In May Caroline Dollard attended a conference in Hungary on the process of Christian Initiation in a multi-cultural, inter-denominational environment. She delivered a workshop at the event with Veronica Murphy (Archdiocese of Liverpool) on the preparation of couples for marriage and of parents for the baptism of their children. Two other inputs were of interest in the context of Family Ministry in England and Wales: Conversion in the Ecumenical Dialogue encouraged a conversation about who knocks on the door of the Church and why. Do people cross the threshold in order to get to know Christ, or to belong to a community, or to have a particular need met? And how do we accompany them on their journey of faith through, with and in Christ?
The second input was given by an associate professor from the Institute of Psychology at Sapientia College in Budapest who looked at the psychology of conversion, defining it as ‘a significant change in a person’s religious identity; a conscious re-structuring of the self that is articulated and expressed to everyone…’ In every case, this was the result of a process, or a ‘conversion’, with different influences – social and cultural, religious and environmental; and the beginning of a life-long process of growing into that identity. The Institute of Psychology has developed a ‘Religious Conversion Process Questionnaire’ for a study based on 700 individuals willing to talk about conversion experiences. From the study, they have deduced five types of conversion connected to the development of religious identity.
In June Caroline travelled to Madrid, to the European Conference for National Directors of Catechesis, to explore what missionary catechesis might look like following the two Family Synods and publication of Amoris Laetitia and Evangelii Gaudium. José María Pérez Navarro, President of the Spanish Association of Catechists, said, ‘We are living in a time of change, but we are still reluctant to accept this change … and for this we need a new paradigm that touches upon all pastoral opportunities and the way we see things as the catechist, the priest and bishop, our concept of Christian family, the parish model and the formation of seminarians …‘ Caroline gave a paper at the conference on the development of family catechesis in England & Wales post-Listening 2004 and informed by the English and Welsh Pre-Synod consultations.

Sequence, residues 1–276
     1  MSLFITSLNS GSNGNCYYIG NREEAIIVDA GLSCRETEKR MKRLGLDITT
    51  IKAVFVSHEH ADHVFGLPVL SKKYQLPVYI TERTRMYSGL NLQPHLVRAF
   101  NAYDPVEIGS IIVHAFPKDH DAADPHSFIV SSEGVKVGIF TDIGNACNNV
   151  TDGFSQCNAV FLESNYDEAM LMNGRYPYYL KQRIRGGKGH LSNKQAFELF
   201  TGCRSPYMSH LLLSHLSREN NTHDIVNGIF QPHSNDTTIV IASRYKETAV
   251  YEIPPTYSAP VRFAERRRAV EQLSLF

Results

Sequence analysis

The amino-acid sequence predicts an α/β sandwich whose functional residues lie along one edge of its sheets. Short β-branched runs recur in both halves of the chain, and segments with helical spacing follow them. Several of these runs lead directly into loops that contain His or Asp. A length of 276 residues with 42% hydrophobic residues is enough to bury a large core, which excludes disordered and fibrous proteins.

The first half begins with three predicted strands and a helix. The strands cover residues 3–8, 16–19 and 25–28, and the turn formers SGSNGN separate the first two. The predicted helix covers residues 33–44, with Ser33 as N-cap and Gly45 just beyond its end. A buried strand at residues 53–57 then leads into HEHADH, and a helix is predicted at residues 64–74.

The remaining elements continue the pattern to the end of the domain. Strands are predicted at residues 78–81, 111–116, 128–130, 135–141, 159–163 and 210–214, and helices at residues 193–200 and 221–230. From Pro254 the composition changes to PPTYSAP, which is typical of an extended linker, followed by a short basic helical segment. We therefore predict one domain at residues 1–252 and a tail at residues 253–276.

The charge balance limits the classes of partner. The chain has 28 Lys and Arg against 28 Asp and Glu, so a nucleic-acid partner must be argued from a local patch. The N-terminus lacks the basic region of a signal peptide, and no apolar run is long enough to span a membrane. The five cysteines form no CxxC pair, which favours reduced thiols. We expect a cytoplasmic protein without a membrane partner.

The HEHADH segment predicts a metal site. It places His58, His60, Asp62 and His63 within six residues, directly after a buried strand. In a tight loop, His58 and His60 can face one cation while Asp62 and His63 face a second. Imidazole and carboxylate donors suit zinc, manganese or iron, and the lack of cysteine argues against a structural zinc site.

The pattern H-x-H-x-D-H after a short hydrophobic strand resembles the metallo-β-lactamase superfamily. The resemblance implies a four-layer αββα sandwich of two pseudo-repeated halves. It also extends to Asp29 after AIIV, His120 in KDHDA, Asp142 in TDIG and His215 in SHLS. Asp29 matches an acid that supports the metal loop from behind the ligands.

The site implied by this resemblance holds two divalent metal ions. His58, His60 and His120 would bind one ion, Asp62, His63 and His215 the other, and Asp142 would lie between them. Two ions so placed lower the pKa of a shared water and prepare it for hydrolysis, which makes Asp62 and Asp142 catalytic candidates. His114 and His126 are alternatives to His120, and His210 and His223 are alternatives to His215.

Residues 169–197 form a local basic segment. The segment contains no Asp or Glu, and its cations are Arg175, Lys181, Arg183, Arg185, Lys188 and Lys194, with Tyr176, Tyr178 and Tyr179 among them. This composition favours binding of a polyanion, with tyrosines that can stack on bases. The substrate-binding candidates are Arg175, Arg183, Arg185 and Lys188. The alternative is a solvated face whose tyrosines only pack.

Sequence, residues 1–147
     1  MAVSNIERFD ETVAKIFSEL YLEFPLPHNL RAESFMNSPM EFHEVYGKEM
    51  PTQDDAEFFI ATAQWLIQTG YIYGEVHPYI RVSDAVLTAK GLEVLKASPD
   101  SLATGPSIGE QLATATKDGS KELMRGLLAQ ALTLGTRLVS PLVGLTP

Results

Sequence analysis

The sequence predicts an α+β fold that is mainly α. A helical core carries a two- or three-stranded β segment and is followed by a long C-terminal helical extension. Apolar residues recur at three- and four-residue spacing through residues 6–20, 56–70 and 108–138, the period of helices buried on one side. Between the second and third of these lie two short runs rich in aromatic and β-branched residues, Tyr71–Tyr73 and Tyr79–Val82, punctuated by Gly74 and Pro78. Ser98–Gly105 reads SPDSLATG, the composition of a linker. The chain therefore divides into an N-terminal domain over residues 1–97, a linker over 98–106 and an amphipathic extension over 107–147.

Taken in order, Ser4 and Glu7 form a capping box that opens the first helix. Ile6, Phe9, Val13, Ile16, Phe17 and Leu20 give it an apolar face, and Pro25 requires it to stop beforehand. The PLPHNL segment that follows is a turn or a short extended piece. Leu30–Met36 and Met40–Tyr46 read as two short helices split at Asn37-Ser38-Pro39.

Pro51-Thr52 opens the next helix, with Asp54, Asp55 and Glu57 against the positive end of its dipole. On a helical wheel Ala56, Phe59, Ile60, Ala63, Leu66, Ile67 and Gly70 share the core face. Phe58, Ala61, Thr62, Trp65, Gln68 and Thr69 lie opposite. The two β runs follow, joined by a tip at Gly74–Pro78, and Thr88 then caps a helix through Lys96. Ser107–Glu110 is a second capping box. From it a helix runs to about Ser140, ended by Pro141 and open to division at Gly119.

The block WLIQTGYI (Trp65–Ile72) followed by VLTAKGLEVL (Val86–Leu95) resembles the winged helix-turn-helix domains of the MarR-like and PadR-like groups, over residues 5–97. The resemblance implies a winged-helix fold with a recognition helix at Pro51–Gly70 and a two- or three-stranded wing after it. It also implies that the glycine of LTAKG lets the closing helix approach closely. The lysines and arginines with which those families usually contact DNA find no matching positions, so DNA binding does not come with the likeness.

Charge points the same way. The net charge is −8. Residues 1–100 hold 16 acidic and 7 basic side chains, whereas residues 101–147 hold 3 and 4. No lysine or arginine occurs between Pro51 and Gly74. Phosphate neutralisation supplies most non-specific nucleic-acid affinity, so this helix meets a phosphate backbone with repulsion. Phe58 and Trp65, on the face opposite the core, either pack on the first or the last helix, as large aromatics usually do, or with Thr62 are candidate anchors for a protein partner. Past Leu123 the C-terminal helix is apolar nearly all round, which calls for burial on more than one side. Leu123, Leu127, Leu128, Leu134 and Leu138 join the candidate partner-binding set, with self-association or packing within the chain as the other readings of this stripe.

She described the gradual shift in approach over that time to a new model of integrated family-centred accompaniment rooted in the Church’s teaching on family catechesis. Amoris Laetitia has nourished this nascent pastoral-catechetical journeying with families, affirming that any pastoral ministry, if it is to be truly Christ-like, first and foremost respects and affirms family love, however messy, as the place where God dwells (AL#315).
If you would like more information or copies of any of the papers mentioned in this post, please email firstname.lastname@example.org after 15 August.